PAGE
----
Charge freeloaders at vacation home

QTA Consultants, Ltd./Renata Bliumaite

Do you use a vacation home personally and rent it out for part of the year? The tax rules are tricky.

Strategy: Charge your relatives a rental fee when they stay there. Otherwise, their “personal use” of the home could cost you valuable tax dollars. It all has to do with the limits on tax losses for vacation homes.

Here’s the whole story: As a landlord, you can generally deduct expenses attributable to a rental property, such as repairs, mortgage insurance, maintenance, property taxes and depreciation. However, if your personal use of the home exceeds the greater of 14 days or 10% of the time the home is rented out, your deductions are limited to the amount of your rental income. In other words, you can’t claim an overall tax loss if your personal use exceeds the 14 days/10% limit. And it’s not just your immediate family’s use that counts as personal use. Time spent at the home by freeloading relatives and friends is treated as personal use and could push you over the limit. If it’s a close call, charge friends and family a reasonable amount for using the home. According to at least one case, the rental fee can be discounted from the regular rate paid by other tenants under certain circumstances.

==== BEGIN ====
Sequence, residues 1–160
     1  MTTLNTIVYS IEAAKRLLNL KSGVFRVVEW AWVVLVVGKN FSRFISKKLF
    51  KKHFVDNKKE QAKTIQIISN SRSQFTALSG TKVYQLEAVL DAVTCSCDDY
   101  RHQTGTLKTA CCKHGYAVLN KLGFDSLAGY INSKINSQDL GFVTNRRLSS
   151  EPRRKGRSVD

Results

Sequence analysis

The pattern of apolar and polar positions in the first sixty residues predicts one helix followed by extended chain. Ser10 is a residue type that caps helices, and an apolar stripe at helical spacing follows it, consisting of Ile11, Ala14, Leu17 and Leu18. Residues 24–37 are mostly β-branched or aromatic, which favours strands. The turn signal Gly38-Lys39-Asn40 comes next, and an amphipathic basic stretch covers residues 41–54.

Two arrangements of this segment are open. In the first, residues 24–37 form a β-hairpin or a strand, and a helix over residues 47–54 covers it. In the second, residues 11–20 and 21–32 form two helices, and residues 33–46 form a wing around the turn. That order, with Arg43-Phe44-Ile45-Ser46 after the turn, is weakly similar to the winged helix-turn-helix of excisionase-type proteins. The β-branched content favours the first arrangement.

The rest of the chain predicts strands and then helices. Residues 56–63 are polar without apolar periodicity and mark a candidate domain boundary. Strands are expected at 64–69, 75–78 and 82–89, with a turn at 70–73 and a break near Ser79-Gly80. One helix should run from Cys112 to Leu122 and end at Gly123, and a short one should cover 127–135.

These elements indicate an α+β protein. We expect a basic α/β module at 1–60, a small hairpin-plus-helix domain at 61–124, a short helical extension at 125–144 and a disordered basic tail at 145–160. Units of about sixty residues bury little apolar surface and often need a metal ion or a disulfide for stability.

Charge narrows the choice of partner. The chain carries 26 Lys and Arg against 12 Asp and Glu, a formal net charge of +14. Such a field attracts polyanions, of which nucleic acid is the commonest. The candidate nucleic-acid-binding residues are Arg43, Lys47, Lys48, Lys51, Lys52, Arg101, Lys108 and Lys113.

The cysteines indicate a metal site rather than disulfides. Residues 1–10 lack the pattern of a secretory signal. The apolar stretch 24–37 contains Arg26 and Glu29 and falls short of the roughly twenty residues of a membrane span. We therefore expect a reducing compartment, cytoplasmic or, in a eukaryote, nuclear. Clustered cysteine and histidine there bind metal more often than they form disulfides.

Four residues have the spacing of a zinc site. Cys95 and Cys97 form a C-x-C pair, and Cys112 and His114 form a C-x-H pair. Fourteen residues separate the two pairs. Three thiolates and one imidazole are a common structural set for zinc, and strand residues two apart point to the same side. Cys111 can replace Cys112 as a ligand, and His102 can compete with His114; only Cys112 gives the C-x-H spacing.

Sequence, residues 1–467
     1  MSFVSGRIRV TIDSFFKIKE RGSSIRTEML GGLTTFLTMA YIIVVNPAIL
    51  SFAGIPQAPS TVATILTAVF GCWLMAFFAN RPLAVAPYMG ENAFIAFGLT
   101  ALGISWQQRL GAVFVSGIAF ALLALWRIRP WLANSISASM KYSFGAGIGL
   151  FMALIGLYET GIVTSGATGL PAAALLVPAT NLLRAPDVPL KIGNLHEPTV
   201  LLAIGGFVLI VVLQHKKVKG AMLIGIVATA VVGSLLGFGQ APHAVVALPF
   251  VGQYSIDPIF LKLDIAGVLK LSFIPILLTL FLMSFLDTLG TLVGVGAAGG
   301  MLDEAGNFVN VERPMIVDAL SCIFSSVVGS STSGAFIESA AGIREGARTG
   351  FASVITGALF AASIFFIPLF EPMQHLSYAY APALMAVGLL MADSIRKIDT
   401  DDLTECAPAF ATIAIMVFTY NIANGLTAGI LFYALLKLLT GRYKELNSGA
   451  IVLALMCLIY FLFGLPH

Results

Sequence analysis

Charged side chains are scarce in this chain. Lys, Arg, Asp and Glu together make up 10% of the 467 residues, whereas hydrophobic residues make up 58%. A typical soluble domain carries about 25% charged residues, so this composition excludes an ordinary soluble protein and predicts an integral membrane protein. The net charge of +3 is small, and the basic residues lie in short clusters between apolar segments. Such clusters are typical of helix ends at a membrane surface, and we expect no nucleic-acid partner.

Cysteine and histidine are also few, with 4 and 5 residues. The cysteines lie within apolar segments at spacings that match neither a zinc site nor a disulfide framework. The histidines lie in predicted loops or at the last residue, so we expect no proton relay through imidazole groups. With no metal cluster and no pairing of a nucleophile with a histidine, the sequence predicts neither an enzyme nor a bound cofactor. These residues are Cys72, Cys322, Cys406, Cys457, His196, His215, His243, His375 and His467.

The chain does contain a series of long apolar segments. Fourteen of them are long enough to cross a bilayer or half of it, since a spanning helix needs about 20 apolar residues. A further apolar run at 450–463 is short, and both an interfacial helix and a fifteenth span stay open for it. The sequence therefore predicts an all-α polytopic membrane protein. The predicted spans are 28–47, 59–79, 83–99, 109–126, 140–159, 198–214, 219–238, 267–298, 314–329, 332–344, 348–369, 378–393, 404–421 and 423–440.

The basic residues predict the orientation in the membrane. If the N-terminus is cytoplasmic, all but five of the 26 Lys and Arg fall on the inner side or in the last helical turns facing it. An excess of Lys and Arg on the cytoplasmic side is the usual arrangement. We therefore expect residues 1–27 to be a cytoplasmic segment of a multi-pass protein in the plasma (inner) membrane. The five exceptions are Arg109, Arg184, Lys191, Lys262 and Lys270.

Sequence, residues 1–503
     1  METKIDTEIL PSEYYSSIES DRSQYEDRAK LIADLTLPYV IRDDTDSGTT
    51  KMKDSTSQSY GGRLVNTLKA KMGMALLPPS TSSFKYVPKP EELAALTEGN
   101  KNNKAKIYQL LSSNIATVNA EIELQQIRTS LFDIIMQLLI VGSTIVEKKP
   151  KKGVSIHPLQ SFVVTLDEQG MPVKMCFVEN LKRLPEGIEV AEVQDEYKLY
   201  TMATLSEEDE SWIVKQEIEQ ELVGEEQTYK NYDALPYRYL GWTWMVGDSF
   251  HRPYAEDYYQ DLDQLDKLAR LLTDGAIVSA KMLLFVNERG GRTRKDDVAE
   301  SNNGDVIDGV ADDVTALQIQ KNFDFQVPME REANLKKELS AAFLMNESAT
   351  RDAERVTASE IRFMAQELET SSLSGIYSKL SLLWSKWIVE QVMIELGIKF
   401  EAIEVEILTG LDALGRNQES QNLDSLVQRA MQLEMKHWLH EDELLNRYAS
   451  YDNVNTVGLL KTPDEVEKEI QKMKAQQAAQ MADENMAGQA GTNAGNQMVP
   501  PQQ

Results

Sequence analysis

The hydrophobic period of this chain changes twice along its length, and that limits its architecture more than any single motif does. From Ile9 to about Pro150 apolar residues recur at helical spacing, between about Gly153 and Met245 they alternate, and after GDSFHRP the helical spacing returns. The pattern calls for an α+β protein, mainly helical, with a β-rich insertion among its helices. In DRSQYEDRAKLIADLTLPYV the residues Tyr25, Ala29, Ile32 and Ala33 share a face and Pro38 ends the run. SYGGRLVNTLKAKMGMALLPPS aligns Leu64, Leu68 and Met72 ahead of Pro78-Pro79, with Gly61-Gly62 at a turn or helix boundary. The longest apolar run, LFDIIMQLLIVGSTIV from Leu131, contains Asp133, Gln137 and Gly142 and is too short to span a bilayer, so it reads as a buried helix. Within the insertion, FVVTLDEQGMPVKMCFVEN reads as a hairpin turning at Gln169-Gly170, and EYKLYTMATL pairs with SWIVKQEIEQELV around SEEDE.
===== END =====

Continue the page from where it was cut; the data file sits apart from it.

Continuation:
Tip: The Tax Court allowed a 20% reduction for rental to a relative because the owner saved on upkeep and maintenance. (Bondsell, TC Memo 1983- 411)